North Carolina among Southern states aiming to lure big car plants, jobs

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Southern politicians are heating up their recruiting in hopes of landing a big auto manufacturing plant and the potential of thousands of high-paying jobs.

North Carolina officials have been hunting for an auto plant since Mercedes-Benz jilted the state in 1993 for Alabama and an incentive package of more than $250 million, a deal worth about $400 million today when adjusted for inflation.

But for more than a year Gov. Pat McCrory's administration has focused on finally luring a carmaker after the country's least-unionized state saw BMW, Toyota, Honda, Nissan, Volkswagen, Hyundai and Kia build plants in South Carolina, Georgia, Alabama, Tennessee, Kentucky, Mississippi and Texas.

The North Carolina state House last week approved changing how state taxes are calculated for a big manufacturer and increasing McCrory's flexibility in offering tax breaks and other incentives.

"Both of those are directly related to us trying to draw an auto plant to North Carolina," said Rep. Jeff Collins, R-Nash. Car companies are "very investment intensive because of all the machinery they use and they pay very high wages. We don't want to penalize them for that."

Collins' district is near one of three tracts of land between 1,000 and 2,000 acres each being shopped as potential industrial sites. The mega-sites are in Randolph, Chatham and Edgecombe counties.

Collins said he's not involved with negotiations with the car companies, but heard from recruiters working to lure Sweden-based Volvo Cars and British-based Jaguar Range Rover to North Carolina.

The two carmakers are looking at sites in the Southeast as well as Mexico, said Mike Mullis, a Memphis-based site location specialist who has advised Toyota and other auto companies on picking locations in both countries. Toyota has auto assembly plants in Mississippi and Kentucky and engine plants in Alabama and West Virginia.

Spokesmen for Volvo and Jaguar Range Rover declined comment Friday about new auto plants, but public officials are increasingly dropping hints.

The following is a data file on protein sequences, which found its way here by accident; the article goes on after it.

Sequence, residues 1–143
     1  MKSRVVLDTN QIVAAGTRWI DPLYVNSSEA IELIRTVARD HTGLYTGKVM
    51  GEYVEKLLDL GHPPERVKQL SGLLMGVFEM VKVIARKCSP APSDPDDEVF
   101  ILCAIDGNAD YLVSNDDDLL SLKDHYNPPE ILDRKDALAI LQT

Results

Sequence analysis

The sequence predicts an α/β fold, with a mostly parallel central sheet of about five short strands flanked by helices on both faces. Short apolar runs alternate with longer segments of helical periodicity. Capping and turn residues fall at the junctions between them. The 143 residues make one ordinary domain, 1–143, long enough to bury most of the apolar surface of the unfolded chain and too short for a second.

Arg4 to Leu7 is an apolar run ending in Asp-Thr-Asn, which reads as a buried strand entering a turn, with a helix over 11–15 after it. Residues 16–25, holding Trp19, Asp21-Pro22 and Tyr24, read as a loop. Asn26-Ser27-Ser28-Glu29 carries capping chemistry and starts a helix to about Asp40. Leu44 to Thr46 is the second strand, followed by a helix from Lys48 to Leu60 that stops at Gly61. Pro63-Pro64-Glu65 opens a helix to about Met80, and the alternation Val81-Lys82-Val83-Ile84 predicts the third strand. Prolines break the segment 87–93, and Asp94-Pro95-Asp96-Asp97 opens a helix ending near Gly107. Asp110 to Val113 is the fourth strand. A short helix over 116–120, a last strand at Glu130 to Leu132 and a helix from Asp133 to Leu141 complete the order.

Four South Carolina legislators said this week Volvo was strongly considering a plant site near Charleston, The State newspaper in Columbia, South Carolina, reported.

Georgia Gov. Nathan Deal visited the United Kingdom in January to recruit Jaguar Land Rover, The Atlanta Journal-Constitution reported. His economic development commissioner later confirmed they visited the U.K. McCrory also visited the U.K. in January but aides refused to disclose whom he visited. South Carolina Gov. Nikki Haley last week left her state for a recruiting trip her aides refused to explain.

The Golden LEAF Foundation, which has poured more than $500 million from North Carolina's 1998 legal settlement with cigarette companies into economic development, said last month it reserved $50 million to help an automobile manufacturing plant defray infrastructure and worker training costs.

Splashing out the equivalent of a year and a half of the fund's normal grant-making budget was meant to signal North Carolina's determination to land a car factory that could create thousands of jobs and attract suppliers employing thousands more, Golden LEAF President Dan Gerlach said.

The top priority for automakers is a massive plot available for rapid construction and access to utilities and trains, ships or other transportation that can carry cars and trucks to market, Mullins said. After that, carmakers need to be assured of a ready, reliable workforce that can be expanded if production ramps up, he said. That's where North Carolina and Georgia stand out as states with fast-growing working age populations, he said.

After those basics, an automaker would compare what states would give them, Mullins said. A $300 million incentives offer would be "very strong package," he said.

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